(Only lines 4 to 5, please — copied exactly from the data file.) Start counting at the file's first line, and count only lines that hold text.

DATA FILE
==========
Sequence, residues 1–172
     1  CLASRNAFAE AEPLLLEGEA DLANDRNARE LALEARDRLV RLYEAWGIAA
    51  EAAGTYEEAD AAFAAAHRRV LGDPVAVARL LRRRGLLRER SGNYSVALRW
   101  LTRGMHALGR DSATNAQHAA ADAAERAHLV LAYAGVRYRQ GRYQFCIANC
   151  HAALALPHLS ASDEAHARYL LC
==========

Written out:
   101  LTRGMHALGR DSATNAQHAA ADAAERAHLV LAYAGVRYRQ GRYQFCIANC
   151  HAALALPHLS ASDEAHARYL LC